Paris Agreement Update

Monday, November 07, 2016

Paris Agreement Ratified on Record Time: Parties Ready to Get the Ball Rolling

October 2016 will be a month to remember as it witnessed the achievement of double of the required threshold for the Paris Agreement to entry into force. The Paris Agreement will commence starting November 4, only thirty days after at least 55 Parties accounting for at least an estimated total of 55 % of the total global greenhouse gas emissions have deposited their instruments of consent. Better yet, 92 of the 197 Parties to the Convention have currently ratified the Paris Agreement.

As the Convention Parties prepare to roll up their sleeves, the next key milestone they are likely to face is the summary and successful conclusion of negotiations to develop the rule book that will allow implementation to begin formally. The first session of the Conference of the Parties serving as the meeting of the Parties to the Paris Agreement (CMA 1) will take place in Marrakech in conjunction with COP 22 and the twelfth session of the Conference of the Parties serving as the meeting of the Parties to the Kyoto Protocol (CMP 12).

Universally adopted in December 2015, and having ratified during 2016, The Paris Agreement requires all Parties to put forward their best efforts through “nationally determined contributions” (NDCs) and to strengthen these efforts in the years ahead. Furthermore, all Parties will report on a regular basis on their emissions and mitigation efforts.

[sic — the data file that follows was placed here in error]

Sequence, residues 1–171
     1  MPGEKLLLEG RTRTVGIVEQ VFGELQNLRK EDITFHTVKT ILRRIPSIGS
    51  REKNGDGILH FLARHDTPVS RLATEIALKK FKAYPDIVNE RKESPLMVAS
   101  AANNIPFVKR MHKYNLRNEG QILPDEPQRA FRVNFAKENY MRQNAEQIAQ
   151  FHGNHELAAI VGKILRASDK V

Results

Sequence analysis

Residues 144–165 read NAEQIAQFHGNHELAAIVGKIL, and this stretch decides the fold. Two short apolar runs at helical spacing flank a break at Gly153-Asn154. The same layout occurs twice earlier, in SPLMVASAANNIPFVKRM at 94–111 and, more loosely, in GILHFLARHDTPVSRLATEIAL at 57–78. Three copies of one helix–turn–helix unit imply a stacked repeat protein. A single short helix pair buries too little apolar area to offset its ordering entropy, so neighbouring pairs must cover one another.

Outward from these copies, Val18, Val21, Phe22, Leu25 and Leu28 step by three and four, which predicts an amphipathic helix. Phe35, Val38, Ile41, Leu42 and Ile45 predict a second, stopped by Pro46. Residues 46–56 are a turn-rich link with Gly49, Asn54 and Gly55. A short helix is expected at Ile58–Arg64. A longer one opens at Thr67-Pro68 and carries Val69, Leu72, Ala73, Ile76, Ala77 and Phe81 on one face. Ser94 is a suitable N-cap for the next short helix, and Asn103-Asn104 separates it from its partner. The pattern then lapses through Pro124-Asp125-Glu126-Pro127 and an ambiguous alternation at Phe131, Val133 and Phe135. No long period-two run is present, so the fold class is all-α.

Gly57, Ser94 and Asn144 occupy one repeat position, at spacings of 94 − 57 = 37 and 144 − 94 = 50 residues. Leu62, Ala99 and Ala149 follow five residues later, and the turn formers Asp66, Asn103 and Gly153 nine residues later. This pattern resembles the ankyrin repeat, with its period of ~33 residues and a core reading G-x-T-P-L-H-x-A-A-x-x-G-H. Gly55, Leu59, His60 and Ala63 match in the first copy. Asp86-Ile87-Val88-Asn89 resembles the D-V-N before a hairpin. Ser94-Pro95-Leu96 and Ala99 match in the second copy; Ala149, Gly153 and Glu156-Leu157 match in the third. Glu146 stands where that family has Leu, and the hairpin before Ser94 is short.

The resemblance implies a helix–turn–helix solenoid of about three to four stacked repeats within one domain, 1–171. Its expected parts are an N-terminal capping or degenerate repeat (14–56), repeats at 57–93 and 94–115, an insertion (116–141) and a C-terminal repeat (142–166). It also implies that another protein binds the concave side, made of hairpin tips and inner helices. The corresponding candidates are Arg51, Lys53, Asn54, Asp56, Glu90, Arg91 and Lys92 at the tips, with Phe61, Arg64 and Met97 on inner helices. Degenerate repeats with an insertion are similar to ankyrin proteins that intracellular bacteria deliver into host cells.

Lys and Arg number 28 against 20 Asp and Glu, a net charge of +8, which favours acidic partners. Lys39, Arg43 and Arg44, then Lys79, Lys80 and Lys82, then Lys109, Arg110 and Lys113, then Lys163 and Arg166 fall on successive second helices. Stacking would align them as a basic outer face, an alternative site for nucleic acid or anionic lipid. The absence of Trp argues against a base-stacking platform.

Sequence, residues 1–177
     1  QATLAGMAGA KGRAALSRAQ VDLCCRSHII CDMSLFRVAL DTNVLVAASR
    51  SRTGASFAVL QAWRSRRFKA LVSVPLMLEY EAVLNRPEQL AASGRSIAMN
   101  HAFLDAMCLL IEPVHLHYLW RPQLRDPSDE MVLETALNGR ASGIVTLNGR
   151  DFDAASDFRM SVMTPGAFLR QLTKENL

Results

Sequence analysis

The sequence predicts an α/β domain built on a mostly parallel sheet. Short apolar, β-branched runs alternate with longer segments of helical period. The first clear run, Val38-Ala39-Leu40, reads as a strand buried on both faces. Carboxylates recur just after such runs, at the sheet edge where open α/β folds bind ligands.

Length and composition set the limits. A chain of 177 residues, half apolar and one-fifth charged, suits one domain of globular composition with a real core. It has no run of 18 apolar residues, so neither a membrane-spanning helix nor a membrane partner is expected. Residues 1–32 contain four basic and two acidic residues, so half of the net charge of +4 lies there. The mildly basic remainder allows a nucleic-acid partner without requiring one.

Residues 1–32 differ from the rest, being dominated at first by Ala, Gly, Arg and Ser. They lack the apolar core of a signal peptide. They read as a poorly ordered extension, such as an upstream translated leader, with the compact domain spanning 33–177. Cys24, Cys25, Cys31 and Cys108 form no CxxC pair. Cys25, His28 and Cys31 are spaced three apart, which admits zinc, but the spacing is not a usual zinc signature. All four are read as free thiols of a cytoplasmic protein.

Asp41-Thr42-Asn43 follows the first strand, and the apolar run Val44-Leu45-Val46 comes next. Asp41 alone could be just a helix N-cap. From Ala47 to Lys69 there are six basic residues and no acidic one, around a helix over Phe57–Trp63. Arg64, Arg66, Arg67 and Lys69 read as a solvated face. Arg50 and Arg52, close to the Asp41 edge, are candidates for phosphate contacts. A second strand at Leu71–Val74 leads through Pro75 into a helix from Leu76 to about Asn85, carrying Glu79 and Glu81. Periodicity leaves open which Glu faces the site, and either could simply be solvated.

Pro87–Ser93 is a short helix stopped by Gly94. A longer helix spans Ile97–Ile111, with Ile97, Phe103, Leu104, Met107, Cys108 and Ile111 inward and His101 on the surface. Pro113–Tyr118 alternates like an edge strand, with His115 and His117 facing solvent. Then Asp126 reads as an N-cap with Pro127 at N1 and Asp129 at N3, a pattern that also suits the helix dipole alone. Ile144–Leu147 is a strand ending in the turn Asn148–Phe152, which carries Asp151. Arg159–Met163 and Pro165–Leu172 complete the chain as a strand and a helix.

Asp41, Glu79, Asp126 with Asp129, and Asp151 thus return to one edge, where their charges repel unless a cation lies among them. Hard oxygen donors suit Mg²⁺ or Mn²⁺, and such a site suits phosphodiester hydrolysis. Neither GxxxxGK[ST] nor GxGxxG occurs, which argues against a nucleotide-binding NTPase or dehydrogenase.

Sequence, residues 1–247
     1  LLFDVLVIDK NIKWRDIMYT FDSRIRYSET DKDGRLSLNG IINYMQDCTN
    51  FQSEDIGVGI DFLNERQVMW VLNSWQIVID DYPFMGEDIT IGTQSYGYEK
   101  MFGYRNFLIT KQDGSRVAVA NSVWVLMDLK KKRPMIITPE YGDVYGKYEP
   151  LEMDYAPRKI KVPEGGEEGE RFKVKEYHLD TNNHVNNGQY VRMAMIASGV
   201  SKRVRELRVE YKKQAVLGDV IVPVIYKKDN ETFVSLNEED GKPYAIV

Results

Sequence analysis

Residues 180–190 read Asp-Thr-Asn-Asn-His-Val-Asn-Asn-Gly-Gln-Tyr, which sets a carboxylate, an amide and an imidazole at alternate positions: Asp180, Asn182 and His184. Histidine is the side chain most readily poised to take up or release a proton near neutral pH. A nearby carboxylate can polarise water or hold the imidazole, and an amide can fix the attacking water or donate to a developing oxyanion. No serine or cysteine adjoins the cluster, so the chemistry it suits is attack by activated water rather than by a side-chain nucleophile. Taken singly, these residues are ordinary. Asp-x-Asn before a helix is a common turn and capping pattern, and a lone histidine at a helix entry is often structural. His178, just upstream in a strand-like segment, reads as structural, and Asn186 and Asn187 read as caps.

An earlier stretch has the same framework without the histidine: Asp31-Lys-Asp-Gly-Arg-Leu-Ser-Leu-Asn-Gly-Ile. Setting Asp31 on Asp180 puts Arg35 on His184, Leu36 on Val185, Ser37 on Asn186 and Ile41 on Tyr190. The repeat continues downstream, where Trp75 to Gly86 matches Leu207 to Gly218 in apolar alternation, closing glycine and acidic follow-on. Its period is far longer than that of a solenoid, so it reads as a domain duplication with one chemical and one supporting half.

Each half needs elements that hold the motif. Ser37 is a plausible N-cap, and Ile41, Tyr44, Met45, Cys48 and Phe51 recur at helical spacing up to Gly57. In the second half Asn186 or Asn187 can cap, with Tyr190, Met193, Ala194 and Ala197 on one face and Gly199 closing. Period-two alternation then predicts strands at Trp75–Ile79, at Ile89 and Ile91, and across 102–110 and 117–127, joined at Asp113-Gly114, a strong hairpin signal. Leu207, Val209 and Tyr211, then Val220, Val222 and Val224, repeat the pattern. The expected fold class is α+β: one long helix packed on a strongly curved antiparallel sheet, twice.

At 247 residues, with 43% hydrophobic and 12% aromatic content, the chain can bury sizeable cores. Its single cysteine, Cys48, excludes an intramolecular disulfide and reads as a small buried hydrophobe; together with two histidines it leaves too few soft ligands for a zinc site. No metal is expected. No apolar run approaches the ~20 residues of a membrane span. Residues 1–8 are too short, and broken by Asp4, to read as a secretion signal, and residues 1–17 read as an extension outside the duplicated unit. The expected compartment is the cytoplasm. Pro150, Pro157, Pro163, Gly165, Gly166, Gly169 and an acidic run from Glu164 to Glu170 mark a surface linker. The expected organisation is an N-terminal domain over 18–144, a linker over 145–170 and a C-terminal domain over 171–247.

Moreover, in 2018, Parties will take stock of the collective efforts in relation to progress towards the goal set in Paris, and to inform on the progress of “nationally determined contributions” (NDCs). There will also be a global assessment every 5 years to evaluate the collective progress towards achieving the purpose of the Agreement and to inform further individual actions by Parties.

The importance of the Paris Agreement relies in the fact that for the first time nations come around a common cause to embark on ambitious efforts to mitigate climate change and adapt to its effects, while based in the principle of common but differentiated responsibilities, providing developing countries incremental support in this pathway. The Agreement’s fundamental objective is to strengthen the global response before the threat of climate change by keeping a global temperature rise this century below 2 degrees Celsius above pre-industrial levels and direct efforts to limit the temperature increase even further to 1.5 degrees Celsius.